Tyler Hicks

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Tyler Hicks
Born Tyler Portis Hicks
(1969-07-09) July 9, 1969 (age 47)
São Paulo, São Paulo, Brazil
Residence Nairobi, Kenya
Education Staples High School (Connecticut)
Alma mater Boston University
Occupation Photojournalist
Spouse(s) Nichole Sobecki (m. 2013; div. 2014)
Parent(s) Julie Hicks
J. Portis Hicks
  • Darcy Anne Hicks (sister)

Tyler Portis Hicks (born July 9, 1969) is an American photojournalist who works as a staff photographer for The New York Times. Based in Kenya, he typically covers foreign affairs, with an emphasis in recent years on conflict and war, but also works at times on assignments across the United States.

Hicks was named the newspaper photographer of the year by the Missouri School of Journalism's Pictures of the Year International contest in 2007.[1] He shared the 2009 Pulitzer Prize for International Reporting with a team from The New York Times recognized for coverage of Pakistan and Afghanistan, where he works frequently in the field, focusing on the ground-level experience. In 2010, his photographs from the wars in Iraq and Afghanistan, along with the war correspondence of his colleagues Dexter Filkins and C.J. Chivers, with whom he often works, were selected by New York University as being among the Top Ten Works of Journalism of the Decade.[2] Hicks received a George Polk Award for Foreign Reporting in 2011.[3]

Hicks was previously a freelance photographer based in Africa and the Balkans, and worked for newspapers in North Carolina and Ohio.[4] He has worked in Syria, Libya, Afghanistan, Pakistan, India, Iraq, Russia, Bosnia, Lebanon, Israel, Gaza, Chechnya and many countries in Africa, including South Sudan during the 2011 referendum. He graduated from Staples High School in 1988,[5] and went on to Boston University's College of Communication, where he earned a degree in Journalism in 1992.[6] He returned to Boston University in 2011 to deliver the commencement address at the College of Communication.[7]

Hicks was reported missing on March 16, 2011, while covering the revolution in Libya for The New York Times.[8] The New York Times reported on March 18, 2011 that Libya had agreed to free Hicks, Anthony Shadid, Lynsey Addario and Stephen Farrell.[9] Hicks and his three colleagues were released on March 21, 2011, six days after being captured by pro-Qaddafi forces.[10]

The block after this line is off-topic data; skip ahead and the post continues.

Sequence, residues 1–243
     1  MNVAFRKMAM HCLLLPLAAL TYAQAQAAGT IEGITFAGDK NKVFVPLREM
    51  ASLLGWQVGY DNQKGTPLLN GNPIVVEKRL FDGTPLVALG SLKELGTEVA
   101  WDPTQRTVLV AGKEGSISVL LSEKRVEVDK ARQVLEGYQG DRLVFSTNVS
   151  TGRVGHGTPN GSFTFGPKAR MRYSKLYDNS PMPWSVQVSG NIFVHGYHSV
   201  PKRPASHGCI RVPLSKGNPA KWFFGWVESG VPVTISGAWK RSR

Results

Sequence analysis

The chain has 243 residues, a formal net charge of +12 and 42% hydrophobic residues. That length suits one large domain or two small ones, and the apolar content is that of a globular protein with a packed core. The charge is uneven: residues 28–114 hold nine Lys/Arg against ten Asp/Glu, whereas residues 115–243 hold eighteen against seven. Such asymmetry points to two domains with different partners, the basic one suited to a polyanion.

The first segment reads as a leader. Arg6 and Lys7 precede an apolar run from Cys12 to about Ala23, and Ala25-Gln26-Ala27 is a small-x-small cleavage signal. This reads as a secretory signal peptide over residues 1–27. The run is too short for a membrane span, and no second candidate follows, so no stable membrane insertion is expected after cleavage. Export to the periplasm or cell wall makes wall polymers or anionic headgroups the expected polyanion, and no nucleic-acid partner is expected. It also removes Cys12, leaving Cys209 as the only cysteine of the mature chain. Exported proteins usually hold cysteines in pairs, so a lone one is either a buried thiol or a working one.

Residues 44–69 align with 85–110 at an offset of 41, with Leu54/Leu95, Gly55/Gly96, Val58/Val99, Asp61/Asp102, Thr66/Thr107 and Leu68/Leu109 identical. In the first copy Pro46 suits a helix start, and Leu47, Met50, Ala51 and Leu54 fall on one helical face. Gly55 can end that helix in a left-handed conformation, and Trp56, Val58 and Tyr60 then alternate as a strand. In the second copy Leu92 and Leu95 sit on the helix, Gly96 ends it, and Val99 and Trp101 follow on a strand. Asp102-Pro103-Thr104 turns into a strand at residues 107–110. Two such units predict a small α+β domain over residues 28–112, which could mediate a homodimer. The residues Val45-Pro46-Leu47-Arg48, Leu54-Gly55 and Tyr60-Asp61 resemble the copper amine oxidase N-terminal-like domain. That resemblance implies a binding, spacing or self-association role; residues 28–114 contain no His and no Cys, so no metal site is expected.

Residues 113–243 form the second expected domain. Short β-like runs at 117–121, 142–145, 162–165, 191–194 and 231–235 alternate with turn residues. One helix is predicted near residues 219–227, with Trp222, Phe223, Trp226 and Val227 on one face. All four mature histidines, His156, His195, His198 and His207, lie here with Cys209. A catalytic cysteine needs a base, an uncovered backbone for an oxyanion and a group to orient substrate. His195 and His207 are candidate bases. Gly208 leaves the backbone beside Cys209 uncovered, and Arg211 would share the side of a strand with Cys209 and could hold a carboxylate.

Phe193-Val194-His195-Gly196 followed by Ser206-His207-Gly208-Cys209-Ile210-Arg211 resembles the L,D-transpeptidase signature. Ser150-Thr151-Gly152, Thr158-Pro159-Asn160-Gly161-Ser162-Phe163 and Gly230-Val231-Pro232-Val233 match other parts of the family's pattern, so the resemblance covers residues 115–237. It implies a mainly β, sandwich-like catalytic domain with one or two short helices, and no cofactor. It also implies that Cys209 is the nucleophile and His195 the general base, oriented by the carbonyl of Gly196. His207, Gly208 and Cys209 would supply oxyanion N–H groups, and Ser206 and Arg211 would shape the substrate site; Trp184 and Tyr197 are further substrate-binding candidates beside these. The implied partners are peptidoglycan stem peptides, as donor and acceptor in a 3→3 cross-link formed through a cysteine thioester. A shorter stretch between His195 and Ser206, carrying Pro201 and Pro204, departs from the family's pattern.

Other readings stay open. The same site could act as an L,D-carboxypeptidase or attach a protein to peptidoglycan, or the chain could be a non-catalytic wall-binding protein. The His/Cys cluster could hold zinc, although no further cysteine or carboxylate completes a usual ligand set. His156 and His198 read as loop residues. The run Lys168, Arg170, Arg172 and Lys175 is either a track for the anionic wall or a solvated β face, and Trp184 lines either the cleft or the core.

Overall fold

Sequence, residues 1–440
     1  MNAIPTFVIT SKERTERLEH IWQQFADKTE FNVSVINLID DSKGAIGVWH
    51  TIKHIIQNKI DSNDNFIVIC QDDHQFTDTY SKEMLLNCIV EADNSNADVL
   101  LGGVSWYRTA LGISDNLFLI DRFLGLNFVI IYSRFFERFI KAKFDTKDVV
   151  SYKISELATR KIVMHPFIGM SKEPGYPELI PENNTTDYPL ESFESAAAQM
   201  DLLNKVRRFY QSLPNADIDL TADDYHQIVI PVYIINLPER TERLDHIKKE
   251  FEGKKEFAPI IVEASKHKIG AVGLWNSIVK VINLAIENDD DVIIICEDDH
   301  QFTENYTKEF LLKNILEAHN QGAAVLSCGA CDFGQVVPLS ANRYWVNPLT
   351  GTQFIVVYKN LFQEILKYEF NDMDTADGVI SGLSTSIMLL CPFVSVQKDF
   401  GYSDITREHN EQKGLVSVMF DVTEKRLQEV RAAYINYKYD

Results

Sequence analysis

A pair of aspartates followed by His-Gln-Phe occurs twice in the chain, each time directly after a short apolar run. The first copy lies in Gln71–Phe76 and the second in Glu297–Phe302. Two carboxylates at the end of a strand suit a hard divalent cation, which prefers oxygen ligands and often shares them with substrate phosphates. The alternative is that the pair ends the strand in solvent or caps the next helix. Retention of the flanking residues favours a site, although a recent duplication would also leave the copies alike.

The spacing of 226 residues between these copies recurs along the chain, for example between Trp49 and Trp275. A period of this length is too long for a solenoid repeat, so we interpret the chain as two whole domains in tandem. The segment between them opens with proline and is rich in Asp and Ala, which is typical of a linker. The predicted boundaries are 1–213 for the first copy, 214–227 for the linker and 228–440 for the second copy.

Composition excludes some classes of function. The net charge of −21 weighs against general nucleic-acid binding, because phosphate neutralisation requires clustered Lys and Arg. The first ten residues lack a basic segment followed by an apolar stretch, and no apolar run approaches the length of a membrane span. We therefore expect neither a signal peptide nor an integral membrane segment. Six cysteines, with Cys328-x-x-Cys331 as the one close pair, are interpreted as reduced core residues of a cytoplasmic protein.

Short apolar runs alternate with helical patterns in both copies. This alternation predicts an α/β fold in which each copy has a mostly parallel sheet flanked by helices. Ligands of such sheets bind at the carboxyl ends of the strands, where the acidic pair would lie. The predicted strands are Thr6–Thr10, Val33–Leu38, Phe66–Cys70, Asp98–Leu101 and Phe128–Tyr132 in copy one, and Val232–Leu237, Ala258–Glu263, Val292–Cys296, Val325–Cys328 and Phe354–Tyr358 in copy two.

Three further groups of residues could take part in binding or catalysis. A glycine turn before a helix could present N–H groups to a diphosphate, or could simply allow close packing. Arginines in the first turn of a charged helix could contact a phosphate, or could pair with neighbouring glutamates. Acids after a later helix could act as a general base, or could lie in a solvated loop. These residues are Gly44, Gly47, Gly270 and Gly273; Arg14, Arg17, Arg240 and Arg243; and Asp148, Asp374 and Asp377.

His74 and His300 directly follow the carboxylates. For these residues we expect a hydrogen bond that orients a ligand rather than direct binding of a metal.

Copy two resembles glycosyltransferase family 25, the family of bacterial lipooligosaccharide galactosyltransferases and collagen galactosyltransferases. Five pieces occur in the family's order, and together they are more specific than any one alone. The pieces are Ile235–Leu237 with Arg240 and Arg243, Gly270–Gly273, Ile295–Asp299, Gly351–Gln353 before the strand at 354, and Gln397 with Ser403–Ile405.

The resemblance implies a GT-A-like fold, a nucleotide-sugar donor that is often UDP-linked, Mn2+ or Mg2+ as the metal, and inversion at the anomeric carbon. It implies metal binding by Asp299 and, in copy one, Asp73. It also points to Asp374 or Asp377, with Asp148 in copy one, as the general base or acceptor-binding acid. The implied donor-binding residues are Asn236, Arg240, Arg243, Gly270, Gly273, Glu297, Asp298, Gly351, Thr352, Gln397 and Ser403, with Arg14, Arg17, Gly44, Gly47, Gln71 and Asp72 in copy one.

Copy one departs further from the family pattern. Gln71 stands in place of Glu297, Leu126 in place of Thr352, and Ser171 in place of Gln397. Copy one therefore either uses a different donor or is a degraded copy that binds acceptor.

On February 16, 2012, Anthony Shadid suffered a fatal asthma attack while covering civil unrest in Syria with Hicks. Hicks assisted in carrying Shadid's body across the border into Turkey.[11]

Tyler Hicks was present during the deadly attack by terrorists on the Westgate shopping center in Nairobi on September 21, 2013. He was close to the scene taking pictures[12] and followed police as they searched for militants.[13] For this work he was awarded the 2014 Pulitzer Prize for breaking news photography.[14] In 2016, he received another Pulitze Prize for his coverage of the European migrant crisis, sharing it with Mauricio Lima, Sergey Ponomarev, and Daniel Etter "for photographs that captured the resolve of refugees, the perils of their journeys and the struggle of host countries to take them in."[15]

Regarding Hicks's personal life, his parents were divorced when he was younger. Hicks has one sister. Hicks became married to Nichole Sobecki in 2013, but they later divorced after Sobecki was caught having an affair.


  2. ^ Stephens, Mitchell, "Top Ten Works of Journalism of the Decade. 2000-2009" (http://journalism.nyu.edu/decade/) New York University Arthur I. Carter Journalism Institute. http://journalism.nyu.edu/decade/. Retrieved 18 March 2013.
  3. ^ "LIU announces 2011 George Polk Awards in Journalism" (http://www.liu.edu/About/News/Univ-Ctr-PR/2012/February/Polk-PR_Feb-20-2012.aspx.
  4. ^ "Tyler Hicks shares Iraq pics"
  5. ^ http://www.westport-news.com/news/article/Westport-natives-both-Staples-grads-among-1158026.php
  6. ^ "Times Photographer Honored for '06 Work". The New York Times. February 26, 2007. 
  7. ^ http://blogs.bu.edu/bunow/2011/05/26/new-york-times-photographer-tyler-hicks-addresses-bu-com-graduates/
  8. ^ Peters, Jeremy W. (March 16, 2011). "Four New York Times Journalists Are Missing in Libya". Media Decoder. Retrieved March 22, 2011. 
  9. ^ Kirkpatrick, David (March 18, 2011). "Libya Says It Will Release Times Journalists". New York Times. Retrieved March 18, 2011. 
  10. ^ Peters, Jeremy W. (March 21, 2011). "Freed Times Journalists Give Account of Captivity". The New York Times. Retrieved March 21, 2011. 
  11. ^ "At Work in Syria, Times Correspondent Dies", New York Times
  12. ^ Estrin, James (September 21, 2013). "Witness to a Massacre in a Nairobi Mall". The New York Times. 
  13. ^ http://www.businessinsider.com/ny-times-photo-nairobi-mall-attack-2013-9
  14. ^ Estrin, James (April 14, 2014). "New York Times Wins Two Photography Pulitzers". The New York Times. 
  15. ^ "Breaking News Photography". The Pulitzer Prized. Retrieved 7 May 2016. 

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